The cracks in our roads and sidewalks become markers of the passage of time. With age and use pristine surfaces succumb to entropy. Sussman’s repairs emphasize this change. Even they will be worn away, nothing more than slight hints left of their presence. Sussman sees this all as part of a natural process. With her work she hopes to get us to slow down, to weigh our sense of personal time with “cosmic time,” to appreciate the beauty in decay, and to understand our place in the natural cycles of life.

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Black And White: The Hyundai Pavilion By Asif Khan

One of the most dramatic cultural offerings at this year’s Winter Olympics in South Korea is a pavilion commissioned by Hyundai and designed by the English architect Asif Khan. The structure is 10 meters (33 ft.) high and 35 meters (115 ft.) long. Its walls form gentle parabolic curves sloping in toward the center from each corner.

The structure is all black on the outside and has dozens of thin rods projecting out from its walls. On the end of each rod is a small light.

Asif Khan's Hyundai Pavilion, exterior view

The black exterior is special because it is the first time a large scale piece of architecture has been coated with the hi-tech substance Vantablack VBx 2, one of the darkest materials in existence. Regular readers of this blog will remember our post last year about the development of the original Vantablack and its connection to the artist Anish Kapoor.

The original Vantablack is without question the darkest material ever developed. It captures 99.96% of all the visible, infrared and ultraviolet light that shines on it. That’s pretty much all the light we can and cannot see. As a result it is impossible to perceive any surface variations on an object coated with the substance. Viewers can only determine the object’s outside shape.

The original version of Vantablack is made from millions of vertically aligned carbon nanotubes that are 3,500 times thinner than a human hair. Coating an object with this version of Vantablack requires a painstaking chemical process and is currently limited to relatively small objects and surfaces.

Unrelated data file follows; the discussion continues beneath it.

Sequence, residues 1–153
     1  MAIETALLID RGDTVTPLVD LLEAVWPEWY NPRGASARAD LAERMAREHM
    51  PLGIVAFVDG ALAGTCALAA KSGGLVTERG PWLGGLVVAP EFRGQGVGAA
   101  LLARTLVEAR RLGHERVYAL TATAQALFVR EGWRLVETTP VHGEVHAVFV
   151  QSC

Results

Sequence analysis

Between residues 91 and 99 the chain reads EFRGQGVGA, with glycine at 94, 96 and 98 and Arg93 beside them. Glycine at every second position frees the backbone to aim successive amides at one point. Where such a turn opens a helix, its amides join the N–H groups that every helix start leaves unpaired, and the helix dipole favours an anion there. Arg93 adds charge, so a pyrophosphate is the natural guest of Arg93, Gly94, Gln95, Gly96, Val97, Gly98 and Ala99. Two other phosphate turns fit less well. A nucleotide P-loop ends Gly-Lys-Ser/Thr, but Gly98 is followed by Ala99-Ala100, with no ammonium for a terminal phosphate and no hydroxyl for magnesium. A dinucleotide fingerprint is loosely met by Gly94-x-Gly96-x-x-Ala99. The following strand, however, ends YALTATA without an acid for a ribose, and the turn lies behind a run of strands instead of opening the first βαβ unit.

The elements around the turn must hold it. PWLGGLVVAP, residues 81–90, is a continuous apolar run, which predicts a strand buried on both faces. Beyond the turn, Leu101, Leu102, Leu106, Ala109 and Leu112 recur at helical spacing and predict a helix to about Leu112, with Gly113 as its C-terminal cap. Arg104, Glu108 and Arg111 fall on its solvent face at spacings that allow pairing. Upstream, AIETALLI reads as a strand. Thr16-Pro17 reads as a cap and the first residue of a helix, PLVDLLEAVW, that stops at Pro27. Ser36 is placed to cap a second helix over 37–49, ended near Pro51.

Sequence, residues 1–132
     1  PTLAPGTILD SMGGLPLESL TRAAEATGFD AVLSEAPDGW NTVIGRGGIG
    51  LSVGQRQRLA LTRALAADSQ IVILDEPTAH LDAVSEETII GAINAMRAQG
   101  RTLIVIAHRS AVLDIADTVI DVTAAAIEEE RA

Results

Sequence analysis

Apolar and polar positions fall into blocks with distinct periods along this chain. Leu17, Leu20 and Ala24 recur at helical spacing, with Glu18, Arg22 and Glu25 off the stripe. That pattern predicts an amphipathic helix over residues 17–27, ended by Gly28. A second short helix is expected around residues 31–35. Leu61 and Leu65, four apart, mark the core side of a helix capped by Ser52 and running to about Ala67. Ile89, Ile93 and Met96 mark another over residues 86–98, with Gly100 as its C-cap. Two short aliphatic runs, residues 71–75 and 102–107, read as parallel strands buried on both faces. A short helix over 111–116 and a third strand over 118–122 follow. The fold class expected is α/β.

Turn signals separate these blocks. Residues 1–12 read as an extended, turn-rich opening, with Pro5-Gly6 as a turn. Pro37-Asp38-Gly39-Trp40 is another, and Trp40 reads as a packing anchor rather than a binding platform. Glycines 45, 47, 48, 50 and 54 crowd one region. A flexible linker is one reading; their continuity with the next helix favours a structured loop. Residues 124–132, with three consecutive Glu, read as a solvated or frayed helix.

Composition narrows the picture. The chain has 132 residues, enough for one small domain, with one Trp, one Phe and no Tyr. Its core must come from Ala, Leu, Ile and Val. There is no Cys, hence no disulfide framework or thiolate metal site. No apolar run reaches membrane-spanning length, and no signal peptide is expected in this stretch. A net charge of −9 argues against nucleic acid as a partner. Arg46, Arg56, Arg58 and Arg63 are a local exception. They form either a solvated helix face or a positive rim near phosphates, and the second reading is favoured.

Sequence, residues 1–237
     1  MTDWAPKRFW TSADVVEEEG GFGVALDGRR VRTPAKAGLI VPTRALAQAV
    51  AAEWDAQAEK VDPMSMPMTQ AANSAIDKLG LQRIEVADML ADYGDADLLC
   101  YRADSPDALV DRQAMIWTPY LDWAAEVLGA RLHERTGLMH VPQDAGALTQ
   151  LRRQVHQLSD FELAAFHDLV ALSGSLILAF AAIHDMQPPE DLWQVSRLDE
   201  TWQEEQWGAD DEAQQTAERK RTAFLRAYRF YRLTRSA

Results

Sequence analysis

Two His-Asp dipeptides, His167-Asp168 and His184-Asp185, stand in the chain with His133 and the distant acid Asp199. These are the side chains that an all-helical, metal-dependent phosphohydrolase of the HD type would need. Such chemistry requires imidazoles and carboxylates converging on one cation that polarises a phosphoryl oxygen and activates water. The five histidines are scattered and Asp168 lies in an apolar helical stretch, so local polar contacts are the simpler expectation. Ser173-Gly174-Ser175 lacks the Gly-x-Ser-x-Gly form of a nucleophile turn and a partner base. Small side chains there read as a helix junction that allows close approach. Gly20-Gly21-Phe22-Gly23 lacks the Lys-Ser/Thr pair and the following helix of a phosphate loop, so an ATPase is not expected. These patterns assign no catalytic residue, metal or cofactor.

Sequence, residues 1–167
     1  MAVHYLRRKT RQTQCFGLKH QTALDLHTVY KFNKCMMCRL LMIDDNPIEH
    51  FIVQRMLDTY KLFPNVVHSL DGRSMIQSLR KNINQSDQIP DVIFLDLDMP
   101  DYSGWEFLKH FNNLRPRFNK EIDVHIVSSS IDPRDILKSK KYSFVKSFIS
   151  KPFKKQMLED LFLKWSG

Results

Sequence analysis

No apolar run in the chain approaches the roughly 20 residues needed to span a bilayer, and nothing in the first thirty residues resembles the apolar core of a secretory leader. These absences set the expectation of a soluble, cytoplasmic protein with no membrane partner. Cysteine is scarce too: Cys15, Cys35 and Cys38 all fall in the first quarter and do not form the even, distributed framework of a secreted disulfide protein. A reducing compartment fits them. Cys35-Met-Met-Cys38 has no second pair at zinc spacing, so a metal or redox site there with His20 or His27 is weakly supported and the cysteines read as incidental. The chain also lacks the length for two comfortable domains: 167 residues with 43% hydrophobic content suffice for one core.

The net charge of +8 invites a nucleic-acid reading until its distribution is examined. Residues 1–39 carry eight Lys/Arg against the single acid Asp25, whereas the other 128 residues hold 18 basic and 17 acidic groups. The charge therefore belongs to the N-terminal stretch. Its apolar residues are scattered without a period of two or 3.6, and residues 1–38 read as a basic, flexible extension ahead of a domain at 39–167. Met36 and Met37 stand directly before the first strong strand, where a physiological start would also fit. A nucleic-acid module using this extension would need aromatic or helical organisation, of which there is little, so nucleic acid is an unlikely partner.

Recently Surrey NanoSystems, the company that makes Vantablack, developed a new version of the product that captures 99% of only the light that is visible to human eyes. Instead of a chemical process and carbon nanotubes this new product uses a sponge-like micro base and can be applied by spraying it on an object or surface.

It’s this second generation Vantablack that covers the Hyundai pavilion.

Asif Khan's Hyundai Pavilion, detail view

As visitors approach the pavilion they see dots of light from the projecting rods floating in front of a field of impenetrable blackness. Asif Khan says, “From a distance the structure has the appearance of a window looking into the depths of space. As you approach it, this impression grows to fill your entire field of view. So on entering the building, it feels as though you are being absorbed into a cloud of blackness.”

Asif Khan's Hyundai Pavilion, interior view

Once viewers are inside the pavilion everything changes. All the interior surfaces are made of white Corian, a synthetic stone-like product manufactured by DuPont and usually used for table and counter tops. The floor of the pavilion gently slopes to the middle of the room and is engraved with a complex network of narrow, shallow channels all leading to that central point.

Asif Khan's Hyundai Pavilion, interior view

25,000 individual droplets of water are released into these channels every minute from tiny, computer controlled spigots located around the room. The droplets of water are released in response to haptic sensors that monitor the movement of visitors walking through the space. As the droplets navigate their way to the lake at the center of the floor their journey looks surprisingly like an aerial view of an urban landscape with the channels acting as streets and the water drops serving as automobiles and buses.

Asif Khan's Hyundai Pavilion, interior view